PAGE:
Mormon leaders are surveying church members about their readership of key websites and Mormon writers, a move that reflects the faith’s growing interest in managing its public image as two Mormon candidates compete for the White House.

Church officials confirmed that the survey on a range of social, political and doctrinal matters ― including the trustworthiness of specific journalists ― is partly intended to gauge how and where Mormons get their information.

“This kind of survey is one way church leaders have to hear from members,” church spokesman Scott Trotter said in a statement. He declined to say specifically what would be done with the results.

The confidential online poll, sent to at least 1,000 Mormons, asks about access to the church’s weekly television and radio broadcasts, as well as the frequency and purpose of visits to Mormon-oriented websites.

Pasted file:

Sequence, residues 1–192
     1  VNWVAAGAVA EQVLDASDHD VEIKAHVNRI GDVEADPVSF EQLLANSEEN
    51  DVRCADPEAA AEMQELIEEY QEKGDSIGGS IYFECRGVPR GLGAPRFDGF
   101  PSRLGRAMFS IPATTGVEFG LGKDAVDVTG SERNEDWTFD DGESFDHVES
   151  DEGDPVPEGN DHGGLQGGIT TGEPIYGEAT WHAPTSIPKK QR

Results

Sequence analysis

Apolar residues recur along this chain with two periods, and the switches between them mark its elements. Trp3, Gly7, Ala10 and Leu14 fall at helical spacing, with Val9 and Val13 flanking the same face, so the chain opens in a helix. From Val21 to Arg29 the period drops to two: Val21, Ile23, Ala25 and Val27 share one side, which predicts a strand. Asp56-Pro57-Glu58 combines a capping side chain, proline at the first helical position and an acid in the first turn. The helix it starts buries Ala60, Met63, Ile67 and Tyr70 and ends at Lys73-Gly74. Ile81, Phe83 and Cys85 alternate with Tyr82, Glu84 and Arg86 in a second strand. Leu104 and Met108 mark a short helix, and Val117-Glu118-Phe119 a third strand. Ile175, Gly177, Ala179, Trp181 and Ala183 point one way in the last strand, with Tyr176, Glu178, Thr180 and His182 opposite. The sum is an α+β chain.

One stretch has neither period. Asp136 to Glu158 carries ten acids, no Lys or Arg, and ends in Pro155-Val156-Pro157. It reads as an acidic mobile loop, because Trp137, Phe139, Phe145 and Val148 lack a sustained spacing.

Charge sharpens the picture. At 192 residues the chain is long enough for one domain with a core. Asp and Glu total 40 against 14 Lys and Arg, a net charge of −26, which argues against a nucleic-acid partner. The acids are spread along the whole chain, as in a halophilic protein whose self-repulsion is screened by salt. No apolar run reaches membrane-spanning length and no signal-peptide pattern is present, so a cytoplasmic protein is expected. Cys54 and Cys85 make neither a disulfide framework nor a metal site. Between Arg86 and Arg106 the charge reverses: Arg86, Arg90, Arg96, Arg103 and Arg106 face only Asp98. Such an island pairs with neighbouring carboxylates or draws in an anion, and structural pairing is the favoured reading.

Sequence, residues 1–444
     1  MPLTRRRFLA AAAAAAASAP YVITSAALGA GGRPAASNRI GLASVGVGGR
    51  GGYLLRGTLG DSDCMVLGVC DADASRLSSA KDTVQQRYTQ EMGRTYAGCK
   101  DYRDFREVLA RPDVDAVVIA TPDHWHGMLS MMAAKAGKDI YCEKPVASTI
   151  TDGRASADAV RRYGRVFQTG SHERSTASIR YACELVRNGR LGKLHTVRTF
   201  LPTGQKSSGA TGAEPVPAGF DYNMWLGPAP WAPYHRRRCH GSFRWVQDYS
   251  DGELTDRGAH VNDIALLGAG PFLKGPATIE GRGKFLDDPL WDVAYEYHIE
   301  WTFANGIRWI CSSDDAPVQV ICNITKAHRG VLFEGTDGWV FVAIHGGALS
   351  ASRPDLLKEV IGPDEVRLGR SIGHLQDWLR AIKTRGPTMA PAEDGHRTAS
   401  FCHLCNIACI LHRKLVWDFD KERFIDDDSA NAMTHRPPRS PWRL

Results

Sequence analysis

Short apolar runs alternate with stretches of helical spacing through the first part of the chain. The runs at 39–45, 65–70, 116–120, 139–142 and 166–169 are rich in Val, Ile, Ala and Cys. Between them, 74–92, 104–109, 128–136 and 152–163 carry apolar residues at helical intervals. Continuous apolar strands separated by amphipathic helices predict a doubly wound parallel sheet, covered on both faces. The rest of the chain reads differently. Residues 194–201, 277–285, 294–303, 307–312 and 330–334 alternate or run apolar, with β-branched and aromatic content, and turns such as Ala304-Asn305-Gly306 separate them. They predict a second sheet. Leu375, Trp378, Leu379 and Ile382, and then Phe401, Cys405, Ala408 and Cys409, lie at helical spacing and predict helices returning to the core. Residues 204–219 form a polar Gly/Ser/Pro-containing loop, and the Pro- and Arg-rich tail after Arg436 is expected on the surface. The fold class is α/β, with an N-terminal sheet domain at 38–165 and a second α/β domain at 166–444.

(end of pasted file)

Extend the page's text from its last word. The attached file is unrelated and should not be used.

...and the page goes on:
The survey also seeks members’ reasons for using various media outlets and asks if they find seven specific journalists and bloggers “trustworthy, consistent with church positions and teachings, enjoyable, candid and honest (or) thoughtful.”

The list of writers includes, among others, conservative radio host Glenn Beck; popular LDS bloggers Joanna Brooks of and Jana Riess of Beliefnet; and religion reporter Peggy Fletcher Stack of The Salt Lake Tribune.

A national media observer said the survey prompts questions about stewardship of church resources, and how results might guide future contacts with news outlets.

“Are they trolling for favorites or people to avoid?” asked Al Tompkins, who teaches journalism ethics at the Poynter Institute, the St. Petersburg, FL-based school for journalists. “It’s their right to do both of those, but if I were a member, I would wonder why they are spending resources and energy on it.”

Tony Semerad writes for The Salt Lake Tribune.